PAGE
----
Friday, 18 December 2009

Audiovisual Services – the Media law in Argentina has found a barrier


Weeks ago we brought to your attention the sets of regulations seeking to control the content of the media and its activities in Latin America.
Yesterday, a Court in Argentina suspended two articles of the Audiovisual Media Law for considering that they could affect retroactively property rights and legal rights. Moreover, it considers that the articles are unconstitutional. This precautionary measure, requested by the Clarin Group, the largest media conglomerate in the country, is the first ruling against the controversial media law; however, the ruling which is provisional, will surely be appealed by the Government.

The law was enacted in October this year. The government, which promoted the initiative, has interpreted the law as a way to democratise the media in Argentina, while some sectors of the opposition and newspaper groups saw the new law as giving the executive higher power over the media.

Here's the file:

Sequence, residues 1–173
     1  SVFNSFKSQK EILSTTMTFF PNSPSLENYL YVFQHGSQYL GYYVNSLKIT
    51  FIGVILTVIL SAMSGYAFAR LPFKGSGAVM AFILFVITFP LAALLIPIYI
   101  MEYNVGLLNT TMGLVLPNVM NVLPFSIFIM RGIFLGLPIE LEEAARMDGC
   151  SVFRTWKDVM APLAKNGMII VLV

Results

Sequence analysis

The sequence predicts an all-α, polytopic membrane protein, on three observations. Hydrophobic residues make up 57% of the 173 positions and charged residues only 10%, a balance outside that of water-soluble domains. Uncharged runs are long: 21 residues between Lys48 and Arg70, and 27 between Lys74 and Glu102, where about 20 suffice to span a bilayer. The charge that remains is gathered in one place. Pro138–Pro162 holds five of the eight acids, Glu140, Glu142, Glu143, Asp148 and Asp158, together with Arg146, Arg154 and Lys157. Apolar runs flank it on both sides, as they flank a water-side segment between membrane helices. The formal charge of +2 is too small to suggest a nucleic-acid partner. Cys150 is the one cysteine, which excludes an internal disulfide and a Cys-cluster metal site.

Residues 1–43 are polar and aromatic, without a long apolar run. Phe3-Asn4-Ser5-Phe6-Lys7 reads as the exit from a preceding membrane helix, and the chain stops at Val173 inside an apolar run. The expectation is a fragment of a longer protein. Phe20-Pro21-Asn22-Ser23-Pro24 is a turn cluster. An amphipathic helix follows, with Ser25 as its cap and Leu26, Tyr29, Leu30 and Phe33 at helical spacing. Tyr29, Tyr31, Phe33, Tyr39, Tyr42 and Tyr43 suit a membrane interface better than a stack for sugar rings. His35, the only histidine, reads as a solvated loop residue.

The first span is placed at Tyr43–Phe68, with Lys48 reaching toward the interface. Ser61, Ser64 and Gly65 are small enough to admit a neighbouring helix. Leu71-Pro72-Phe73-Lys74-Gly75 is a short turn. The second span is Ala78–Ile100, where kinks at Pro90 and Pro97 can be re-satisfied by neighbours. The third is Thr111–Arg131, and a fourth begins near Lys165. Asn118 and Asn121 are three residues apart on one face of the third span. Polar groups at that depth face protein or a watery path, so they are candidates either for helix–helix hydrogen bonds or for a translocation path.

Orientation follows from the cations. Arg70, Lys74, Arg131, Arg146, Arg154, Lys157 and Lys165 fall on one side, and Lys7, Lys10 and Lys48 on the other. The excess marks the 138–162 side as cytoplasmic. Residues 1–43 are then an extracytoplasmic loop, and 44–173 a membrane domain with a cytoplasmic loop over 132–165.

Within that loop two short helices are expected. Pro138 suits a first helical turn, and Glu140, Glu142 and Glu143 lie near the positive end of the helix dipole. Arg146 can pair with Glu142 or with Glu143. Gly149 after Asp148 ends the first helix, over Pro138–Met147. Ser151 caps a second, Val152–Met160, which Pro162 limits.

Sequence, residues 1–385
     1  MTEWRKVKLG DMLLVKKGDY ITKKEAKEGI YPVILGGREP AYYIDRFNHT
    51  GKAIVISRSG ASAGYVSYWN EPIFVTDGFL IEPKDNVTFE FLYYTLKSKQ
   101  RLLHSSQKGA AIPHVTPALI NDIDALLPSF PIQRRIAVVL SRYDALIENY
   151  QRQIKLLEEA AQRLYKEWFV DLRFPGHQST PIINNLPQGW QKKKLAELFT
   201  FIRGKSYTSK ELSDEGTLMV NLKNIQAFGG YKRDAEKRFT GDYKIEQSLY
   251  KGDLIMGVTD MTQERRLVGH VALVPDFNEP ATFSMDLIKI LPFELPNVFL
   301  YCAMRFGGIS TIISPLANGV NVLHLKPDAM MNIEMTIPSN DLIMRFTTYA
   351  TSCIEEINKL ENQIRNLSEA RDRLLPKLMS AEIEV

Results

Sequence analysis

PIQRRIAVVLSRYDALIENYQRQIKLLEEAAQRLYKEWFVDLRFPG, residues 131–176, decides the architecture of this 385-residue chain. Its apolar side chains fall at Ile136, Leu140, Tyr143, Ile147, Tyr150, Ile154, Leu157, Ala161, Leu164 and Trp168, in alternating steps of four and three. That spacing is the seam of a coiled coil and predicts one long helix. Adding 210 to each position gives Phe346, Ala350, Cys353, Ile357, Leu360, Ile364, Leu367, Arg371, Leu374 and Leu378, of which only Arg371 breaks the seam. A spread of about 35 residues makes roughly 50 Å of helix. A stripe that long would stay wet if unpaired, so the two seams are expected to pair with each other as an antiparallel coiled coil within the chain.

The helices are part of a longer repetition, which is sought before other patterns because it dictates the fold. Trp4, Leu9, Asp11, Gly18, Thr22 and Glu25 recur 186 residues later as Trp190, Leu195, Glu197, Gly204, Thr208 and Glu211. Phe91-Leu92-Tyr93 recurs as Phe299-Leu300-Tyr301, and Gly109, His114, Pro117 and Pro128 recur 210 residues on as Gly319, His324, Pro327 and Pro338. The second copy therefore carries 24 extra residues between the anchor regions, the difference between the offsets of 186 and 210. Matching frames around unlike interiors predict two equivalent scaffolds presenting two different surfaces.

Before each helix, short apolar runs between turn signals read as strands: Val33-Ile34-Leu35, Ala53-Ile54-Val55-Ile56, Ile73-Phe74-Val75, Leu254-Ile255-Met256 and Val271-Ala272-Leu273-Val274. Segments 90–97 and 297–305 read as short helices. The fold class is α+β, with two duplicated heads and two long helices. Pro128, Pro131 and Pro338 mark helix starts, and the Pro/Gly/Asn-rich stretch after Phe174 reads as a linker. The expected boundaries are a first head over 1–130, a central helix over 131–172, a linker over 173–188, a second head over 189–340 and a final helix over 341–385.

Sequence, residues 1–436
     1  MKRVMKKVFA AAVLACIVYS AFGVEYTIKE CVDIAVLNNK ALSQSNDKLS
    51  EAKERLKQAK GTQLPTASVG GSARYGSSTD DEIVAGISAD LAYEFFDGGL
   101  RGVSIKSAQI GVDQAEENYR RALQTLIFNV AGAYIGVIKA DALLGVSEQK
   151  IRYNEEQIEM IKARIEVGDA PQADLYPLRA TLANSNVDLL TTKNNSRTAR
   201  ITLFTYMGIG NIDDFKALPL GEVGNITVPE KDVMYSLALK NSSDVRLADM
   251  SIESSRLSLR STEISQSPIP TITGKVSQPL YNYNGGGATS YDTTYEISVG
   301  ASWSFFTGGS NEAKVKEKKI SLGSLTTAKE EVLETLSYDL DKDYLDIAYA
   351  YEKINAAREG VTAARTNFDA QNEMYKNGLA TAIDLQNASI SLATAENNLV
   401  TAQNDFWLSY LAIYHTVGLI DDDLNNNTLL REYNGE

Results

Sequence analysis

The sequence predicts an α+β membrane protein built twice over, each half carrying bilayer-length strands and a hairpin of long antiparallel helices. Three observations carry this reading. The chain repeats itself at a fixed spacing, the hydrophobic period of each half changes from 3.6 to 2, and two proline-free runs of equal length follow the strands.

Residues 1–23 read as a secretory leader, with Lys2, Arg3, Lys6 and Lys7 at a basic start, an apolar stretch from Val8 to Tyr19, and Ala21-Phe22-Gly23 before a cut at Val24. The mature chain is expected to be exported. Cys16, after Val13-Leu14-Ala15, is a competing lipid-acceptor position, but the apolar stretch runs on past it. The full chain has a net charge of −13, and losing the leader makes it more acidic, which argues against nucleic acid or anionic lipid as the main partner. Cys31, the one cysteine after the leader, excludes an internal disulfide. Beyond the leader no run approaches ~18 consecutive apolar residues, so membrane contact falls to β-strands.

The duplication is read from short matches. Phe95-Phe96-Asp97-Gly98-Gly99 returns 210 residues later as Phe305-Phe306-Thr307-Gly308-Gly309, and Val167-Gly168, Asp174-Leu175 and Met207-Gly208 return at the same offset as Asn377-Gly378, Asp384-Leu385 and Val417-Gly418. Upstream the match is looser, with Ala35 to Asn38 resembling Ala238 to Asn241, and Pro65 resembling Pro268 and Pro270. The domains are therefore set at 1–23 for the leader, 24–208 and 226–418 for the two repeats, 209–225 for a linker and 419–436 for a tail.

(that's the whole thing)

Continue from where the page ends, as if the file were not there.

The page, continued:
The resolution suspends the application of Article 41 and 161 of the law. The first Article regulates licenses and shares in the audiovisual communication service. That said, companies can only transfer and/or sell licenses and or shares through permits granted by a new Authority in which the government has a majority of five directors on a total of seven. The issue is that the text states that a company cannot have more than ten licenses of radio and television (Article 45 (1)(b)), and cannot hold a broadcast television channel and one of cable in one locality (Article 45 (1)(a)). So, it means for example that those companies with more licenses than those permitted by the new law are obliged to sell and need to do so following the procedure – by authorisation.

Article 161 sets the minimal period of one year to media owners to be suited to the limits set by law. This week, the government has already put in place the Enforcement Authority, with the intention to begin forcing the media to sell within a year.

I believe that the judge rightly ruled that the law produces "irreparable damage", not to mention that it violates the right of ownership over the investment made in the sector.

You can read the newspapers here and here.
Audiovisual Media Law here.

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